In Search of Lost Time: the study of Earth history and chronology from the 18th to the 21st century

The related concepts of time, chronology, and history form the lens through which Earth scientists view, understand, and interpret a dynamic planet. Modern geologists operate within the intellectual framework of a 4.55 billion year old planet, but the paradigm of an immensely old Earth was not intuitive. It was only through the development of Earth’s history and chronology, beginning in the 18th century, that the science of geology became fully enriched. The discovery of Earth’s history therefore represents a profound shift in our understanding of the natural world, and the scientific endeavors to establish “geohistory” and “geochronology” led to a realization that “nature has a history of its own” (Rudwick, 2005).

As we enter the newest geologic Epoch, the Anthropocene, these two histories, Earth’s and humanity’s, have become more intertwined, to the point that our continued coexistence depends upon a deeper understanding of Earth’s past, present, and future.

This exhibit will explore how the chronology of the Earth was established, with a focus on six themes that gradually led to the consensus view that the Earth is roughly 4.55 billion years of age. This age is so vast that Earth’s history seems to stretch back in time by an almost inconceivable amount, but crucially, intellectual developments since the 18th century have revealed that Earth’s age is both finite and can be retrodicted. Although geologic investigations prior to this time contained elements of the temporal, or at least an idea of a sequence of events (e.g., this happened, then that happened), geology was largely ahistorical before the 18th century, with no overarching framework that placed such events in the context of a long-lived, prehuman Earth.

Martin Rudwick, Bursting the Limits of Time (Chicago: University of Chicago Press, 2005)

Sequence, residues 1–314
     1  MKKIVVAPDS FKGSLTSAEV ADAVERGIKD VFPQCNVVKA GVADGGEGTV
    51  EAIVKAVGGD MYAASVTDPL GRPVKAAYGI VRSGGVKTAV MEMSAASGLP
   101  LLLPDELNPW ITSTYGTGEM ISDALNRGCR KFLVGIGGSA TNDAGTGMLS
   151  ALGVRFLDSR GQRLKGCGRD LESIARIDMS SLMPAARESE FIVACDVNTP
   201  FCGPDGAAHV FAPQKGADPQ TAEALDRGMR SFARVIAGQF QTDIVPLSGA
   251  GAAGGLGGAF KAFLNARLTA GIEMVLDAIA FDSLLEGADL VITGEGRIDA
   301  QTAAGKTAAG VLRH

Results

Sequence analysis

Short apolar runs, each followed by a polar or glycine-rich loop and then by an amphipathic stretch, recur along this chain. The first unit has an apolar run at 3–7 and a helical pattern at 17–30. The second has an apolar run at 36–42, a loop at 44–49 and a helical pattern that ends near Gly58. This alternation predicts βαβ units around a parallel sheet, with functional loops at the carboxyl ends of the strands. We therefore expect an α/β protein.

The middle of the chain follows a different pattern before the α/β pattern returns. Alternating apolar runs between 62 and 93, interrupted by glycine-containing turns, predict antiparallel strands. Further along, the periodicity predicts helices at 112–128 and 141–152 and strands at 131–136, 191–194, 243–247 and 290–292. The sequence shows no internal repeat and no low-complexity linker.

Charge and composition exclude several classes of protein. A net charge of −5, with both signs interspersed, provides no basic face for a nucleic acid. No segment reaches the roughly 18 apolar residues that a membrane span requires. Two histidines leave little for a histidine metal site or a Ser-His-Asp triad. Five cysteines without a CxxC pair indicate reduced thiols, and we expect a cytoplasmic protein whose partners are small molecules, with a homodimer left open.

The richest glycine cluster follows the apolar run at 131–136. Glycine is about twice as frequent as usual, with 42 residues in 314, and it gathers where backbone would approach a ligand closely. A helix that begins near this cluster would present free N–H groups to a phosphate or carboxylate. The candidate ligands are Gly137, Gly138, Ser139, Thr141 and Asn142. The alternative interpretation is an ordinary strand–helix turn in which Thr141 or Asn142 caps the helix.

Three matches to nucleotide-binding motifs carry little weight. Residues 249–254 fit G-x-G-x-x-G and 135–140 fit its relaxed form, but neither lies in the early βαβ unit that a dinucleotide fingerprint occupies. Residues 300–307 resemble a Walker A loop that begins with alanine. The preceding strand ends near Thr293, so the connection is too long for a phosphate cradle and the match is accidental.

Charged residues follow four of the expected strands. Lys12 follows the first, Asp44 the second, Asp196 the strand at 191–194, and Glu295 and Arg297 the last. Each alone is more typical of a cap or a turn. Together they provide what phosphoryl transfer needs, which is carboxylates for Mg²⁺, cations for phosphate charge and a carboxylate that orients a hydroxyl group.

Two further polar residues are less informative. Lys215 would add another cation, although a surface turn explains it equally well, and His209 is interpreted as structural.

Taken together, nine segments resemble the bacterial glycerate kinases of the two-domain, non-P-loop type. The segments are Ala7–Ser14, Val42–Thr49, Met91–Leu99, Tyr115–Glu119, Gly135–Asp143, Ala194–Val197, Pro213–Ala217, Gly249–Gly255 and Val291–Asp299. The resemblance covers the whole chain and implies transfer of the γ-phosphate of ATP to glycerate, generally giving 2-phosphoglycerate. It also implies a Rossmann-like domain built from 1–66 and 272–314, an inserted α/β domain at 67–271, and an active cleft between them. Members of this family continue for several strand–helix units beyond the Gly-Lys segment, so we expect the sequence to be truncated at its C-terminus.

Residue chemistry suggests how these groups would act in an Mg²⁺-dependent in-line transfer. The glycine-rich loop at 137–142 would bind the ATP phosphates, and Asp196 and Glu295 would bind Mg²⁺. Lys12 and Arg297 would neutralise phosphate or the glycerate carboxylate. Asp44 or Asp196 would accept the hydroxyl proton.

Frontispiece from "The natural history of animals, vegetables, and minerals" by Georges Louis Leclerc Buffon

4.55 Billion Years

Establishing the Chronology of the Earth in six themes

Each theme presents representative and important texts in a key sub-field of geology that expanded our understanding of Earth time by bringing an element of the historical to the science. In some cases, the progression of texts tracks the changing sentiments of the sub-discipline as it responded to and incorporated the lessons of the burgeoning field of geohistory; in others, the texts demonstrate the establishment of new fields of study within geology that further illuminated Earth’s history.

At a still higher level of organization, the exhibit can be divided into two overarching themes: the first (sections 1-4) shows how geologists arrived at the realization that the Earth was in fact very old, the second (sections 5-6) shows how geologists, in collaboration with physicists, placed an absolute age on this longevity.


Ana Rodriguez for her help in setting up this exhibit. Gillen Wood and Max Christie for helpful discussion and guidance concerning text and fossil selection. Digitization Services for the creation of all facsimiles used in the physical exhibit. Lynne M. Thomas as director of RBML. This exhibit was partially supported by NSF-EAR grant 1848013 to William Guenthner.

Curated by: William Guenthner, Ruthann Mowry, and Marco Valladares Pérez. 

Digital Exhibit Arranged by: Nora Davies